Twitter has started to roll out a feature that will allow some users to set NFTs the user owns as their profile picture. Some see this as Twitter signaling their interest in the new digital art investment opportunity. This makes Twitter one of the most-well-known tech companies to launch a feature focused on the current NFT trend.
The images will appear differently than a usual Twitter profile picture. The NFT avatar will show up as a hexagon shape instead of a circle. Users will also be able to click the NFT profile picture to get information about the artwork, the creator and where it is listed.
The feature is only available to those who pay for Twitter’s subscription service. However, as part of the subscription Twitter verifies a user’s ownership of the NFT.
NFTs are “nonfungible tokens.” They are a verifiable digital collectable, each of which is one of a kind. They are often artworks and are traded on the blockchain. The blockchain is the tech which is the keystone to cryptocurrencies like Bitcoin.
NFTs aren’t terribly new, but new in popularity. Recently, the digital artworks have sold for millions of dollars in some cases as artist, celebrities and other companies get in on the trend to make, buy and sell the digital collectables.
Twitter has pretty much abandoned an image-cropping AI after discovering that automated system was biased. Users had complained it had a preference toward showing pictures of white people in previews of tweets.
A blog post from Rumman Chowdhury, software engineering director at Twitter, stated that Twitter concluded the AI was biased after testing it for both gender and race biases. The post and research essay attached detailed that the cropping system when tested on random images demonstrated a preference for white people over black people and men over women.
Chowdhury stated that their conclusion is some tasks are best left to people and are not a good task for AI.
The research conclusions come months after the company said it would investigate the issue with its AI image cropping program.
Twitter, in March, started testing a new method to show a full image, rather than auto cropped previews, on mobile devices when a user tweeted a single image. The program would auto-crop the preview image people saw before clicking the preview for the full image. However, the program was prone to errors.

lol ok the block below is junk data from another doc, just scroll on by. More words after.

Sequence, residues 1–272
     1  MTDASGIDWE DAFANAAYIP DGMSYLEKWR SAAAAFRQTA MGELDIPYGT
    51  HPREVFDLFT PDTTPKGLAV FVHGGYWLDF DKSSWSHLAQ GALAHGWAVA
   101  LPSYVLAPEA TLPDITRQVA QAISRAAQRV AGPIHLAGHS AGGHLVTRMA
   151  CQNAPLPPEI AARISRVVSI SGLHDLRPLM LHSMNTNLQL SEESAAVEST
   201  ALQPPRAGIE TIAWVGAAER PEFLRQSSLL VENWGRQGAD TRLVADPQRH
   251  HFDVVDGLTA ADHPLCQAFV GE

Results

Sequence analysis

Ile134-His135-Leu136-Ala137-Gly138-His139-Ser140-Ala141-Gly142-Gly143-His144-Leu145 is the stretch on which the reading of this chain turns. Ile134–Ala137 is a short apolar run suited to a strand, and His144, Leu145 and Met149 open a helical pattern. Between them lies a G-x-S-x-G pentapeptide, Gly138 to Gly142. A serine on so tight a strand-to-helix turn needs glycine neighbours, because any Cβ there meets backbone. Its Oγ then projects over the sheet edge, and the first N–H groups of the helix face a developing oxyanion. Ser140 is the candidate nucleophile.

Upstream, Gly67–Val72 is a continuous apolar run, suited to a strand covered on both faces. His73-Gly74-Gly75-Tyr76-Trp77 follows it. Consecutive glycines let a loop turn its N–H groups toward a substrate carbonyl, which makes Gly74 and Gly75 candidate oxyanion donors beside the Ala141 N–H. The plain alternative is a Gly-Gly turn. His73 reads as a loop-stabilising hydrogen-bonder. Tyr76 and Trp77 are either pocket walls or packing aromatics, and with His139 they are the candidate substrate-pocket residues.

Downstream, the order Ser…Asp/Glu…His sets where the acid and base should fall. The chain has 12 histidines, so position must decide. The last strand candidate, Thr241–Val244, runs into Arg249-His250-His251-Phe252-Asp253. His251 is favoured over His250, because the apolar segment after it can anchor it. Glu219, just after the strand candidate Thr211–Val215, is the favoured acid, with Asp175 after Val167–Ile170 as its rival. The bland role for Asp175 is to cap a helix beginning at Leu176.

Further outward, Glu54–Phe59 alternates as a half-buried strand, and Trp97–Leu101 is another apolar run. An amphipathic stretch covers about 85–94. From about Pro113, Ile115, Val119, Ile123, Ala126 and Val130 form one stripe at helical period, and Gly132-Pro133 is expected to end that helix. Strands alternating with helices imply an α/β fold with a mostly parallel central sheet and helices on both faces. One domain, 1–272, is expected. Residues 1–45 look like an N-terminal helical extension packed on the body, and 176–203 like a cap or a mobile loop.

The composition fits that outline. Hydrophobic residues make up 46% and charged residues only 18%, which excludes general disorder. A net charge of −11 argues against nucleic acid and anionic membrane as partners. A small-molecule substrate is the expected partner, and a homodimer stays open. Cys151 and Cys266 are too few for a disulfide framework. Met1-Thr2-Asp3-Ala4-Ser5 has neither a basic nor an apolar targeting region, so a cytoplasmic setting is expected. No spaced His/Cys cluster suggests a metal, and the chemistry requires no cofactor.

Now they rely on saliency which requires knowing what area of the image the eye is drawn to first.
Have you joined nextdoor.com yet? We received a postcard in the mail about it, so we joined. The call themselves “The private social network for your neighborhood.” They have a website and an app. “When neighbors start talking, good things happen.”
Some of the posts we’ve seen are things like “does anyone have a recommendation for a ___” (fill in the blank). It could be a painter, a handyman, a babysitter, etc. You can see local events, yard sales, people can post things to sell, and a host of other things like lost pets, pets for adoption, elderly asking for help with yard work.
Some of the posts are a little more serious, like reporting breakins or robberies. Of course there are also ads.
On a lighter note, it is fun to see of the more obnoxious posts. Like “Crazies on motorcycles” or “Blue heron eating pond fish”. If you really want to have fun with it, you can follow @bestofnextdoor on twitter.com. They have culled some of the more outlandish posts from around the country and posted them for people to see. You will see some posts with added phrases such as “This is not a dating app” or “Nextdoor is twitter for old people”. Have fun.
Maybe you love, maybe you hate it but social media is here to stay. Many people used it as their lifeline during the past storm in Texas, known as Harvey. Many used Twitter or Facebook or Instagram to let people know they were in stuck and needed to be rescued. Still others used social media to let people know they were able to help.
The U.S. Coast Guard preferred for people to call them or 911 but people had trouble getting through. People even turned to Airbnb to offer their homes as shelters for those in need. The Hurricane Harvey Texas Rescue Facebook group offered ways to help those trapped or in need of rescue.
Amazon has made shopping even easier. Suppose a friend or acquaintance mentions an product on Twitter. If it’s an Amazon product, and you want to buy it, instead of clicking on it and then adding to your cart, you can hit reply and add #AmazonCart and it will automatically add it to your cart. It will not automatically purchase it so you don’t have to worry about impulse purchases. You need to connect your Amazon account to your Twitter account in Social settings in Twitter.
You can see the video here.